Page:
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An ICC Sydney perspective on SXSW Sydney

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An ICC Sydney perspective on SXSW Sydney
With the first South by Southwest (SXSW) Sydney wrapping up last night, micenet caught up with ICC Sydney CEO Geoff Donaghy on Friday in the heart of the festival.

ICC Sydney was the anchor venue for the much-anticipated inaugural SXSW festival in Sydney – starting on Sunday October 15, the event marked the first time a full-scale SXSW had been held outside of its origin city, Austin, Texas, USA.

The convention and exhibition venue in Darling Harbour hosted the lion’s share of the SXSW Conference, some screenings of the SXSW Screen Festival – including the opening night event, the Australian premiere of Saltburn and the world premiere of Baz Luhrmann’s Faraway Downs on the closing night – and parts of the SXSW Games Festival, including a major esports tournament in the Aware Super Theatre.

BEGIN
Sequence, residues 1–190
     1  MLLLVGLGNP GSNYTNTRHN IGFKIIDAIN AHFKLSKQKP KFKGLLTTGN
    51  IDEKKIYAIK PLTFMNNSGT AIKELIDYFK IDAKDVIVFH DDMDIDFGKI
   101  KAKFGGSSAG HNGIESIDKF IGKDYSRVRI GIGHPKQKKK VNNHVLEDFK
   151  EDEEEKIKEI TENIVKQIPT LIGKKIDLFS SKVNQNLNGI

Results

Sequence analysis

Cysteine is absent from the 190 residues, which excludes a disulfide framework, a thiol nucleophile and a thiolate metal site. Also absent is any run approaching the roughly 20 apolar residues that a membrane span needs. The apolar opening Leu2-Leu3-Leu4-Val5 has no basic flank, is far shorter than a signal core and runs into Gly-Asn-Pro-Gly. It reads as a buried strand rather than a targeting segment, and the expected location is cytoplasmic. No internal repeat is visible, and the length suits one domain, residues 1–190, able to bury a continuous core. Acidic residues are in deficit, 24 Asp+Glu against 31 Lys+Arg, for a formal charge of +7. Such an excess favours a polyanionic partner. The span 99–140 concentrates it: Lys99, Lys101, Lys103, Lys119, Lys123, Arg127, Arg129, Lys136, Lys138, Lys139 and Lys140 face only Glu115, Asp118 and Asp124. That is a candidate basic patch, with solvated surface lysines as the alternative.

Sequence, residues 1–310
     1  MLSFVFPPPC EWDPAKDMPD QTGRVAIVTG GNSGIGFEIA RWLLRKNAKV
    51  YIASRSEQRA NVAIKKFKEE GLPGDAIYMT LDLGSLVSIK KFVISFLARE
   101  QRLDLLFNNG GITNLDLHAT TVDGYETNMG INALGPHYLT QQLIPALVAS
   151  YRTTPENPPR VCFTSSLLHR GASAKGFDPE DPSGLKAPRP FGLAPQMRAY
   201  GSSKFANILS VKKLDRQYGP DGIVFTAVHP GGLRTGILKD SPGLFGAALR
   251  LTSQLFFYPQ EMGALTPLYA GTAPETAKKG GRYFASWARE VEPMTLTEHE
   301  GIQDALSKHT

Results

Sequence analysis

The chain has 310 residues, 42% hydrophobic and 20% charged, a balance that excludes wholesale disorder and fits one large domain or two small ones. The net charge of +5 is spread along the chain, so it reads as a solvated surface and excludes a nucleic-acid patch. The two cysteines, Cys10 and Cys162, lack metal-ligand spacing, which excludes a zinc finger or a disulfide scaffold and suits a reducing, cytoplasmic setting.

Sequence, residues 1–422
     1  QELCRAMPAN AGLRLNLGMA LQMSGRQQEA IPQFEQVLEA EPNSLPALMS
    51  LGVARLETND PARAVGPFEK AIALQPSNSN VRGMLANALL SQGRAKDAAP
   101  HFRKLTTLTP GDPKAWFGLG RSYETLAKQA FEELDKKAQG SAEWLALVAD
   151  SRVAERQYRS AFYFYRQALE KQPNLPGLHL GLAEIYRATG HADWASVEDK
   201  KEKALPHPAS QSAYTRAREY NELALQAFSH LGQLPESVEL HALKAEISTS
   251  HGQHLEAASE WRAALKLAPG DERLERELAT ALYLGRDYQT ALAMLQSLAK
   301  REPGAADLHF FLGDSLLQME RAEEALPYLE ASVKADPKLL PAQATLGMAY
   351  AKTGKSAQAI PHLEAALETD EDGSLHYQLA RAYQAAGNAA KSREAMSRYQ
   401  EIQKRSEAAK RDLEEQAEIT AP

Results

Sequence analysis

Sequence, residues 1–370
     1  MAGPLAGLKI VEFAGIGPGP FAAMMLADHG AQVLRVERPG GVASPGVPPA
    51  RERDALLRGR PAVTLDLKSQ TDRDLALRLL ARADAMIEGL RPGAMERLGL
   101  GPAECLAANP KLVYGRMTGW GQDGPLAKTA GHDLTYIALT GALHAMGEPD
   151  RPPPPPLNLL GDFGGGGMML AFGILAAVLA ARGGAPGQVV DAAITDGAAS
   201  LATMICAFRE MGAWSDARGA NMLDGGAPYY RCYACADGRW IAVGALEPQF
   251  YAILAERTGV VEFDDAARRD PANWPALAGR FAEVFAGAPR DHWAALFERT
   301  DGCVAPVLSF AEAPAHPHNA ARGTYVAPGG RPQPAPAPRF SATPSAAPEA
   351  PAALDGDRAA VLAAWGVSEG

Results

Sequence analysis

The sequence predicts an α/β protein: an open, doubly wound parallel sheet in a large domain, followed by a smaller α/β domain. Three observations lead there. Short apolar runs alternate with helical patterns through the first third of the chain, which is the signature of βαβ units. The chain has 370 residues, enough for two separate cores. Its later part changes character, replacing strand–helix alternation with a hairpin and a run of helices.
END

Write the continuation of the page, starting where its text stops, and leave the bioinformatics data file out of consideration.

Donaghy believes SXSW Sydney brought a new audience into the centre.

“I think a very big proportion of people haven’t been here before because this event itself has attracted a whole new demographic,” he said.

“There might have been people that have been to concerts, there might have been some people that have been to our tech exhibitions, but I think across the board, the majority of people probably haven’t been through our doors before.”

Even for those who had been to events at ICC Sydney before, he says they rarely see all parts of the venue in one visit, but SXSW was held across conference spaces, exhibition bays and the Aware Super Theatre, where the Intel Extreme Masters esports tournament bumped in for most of the week before running over the weekend.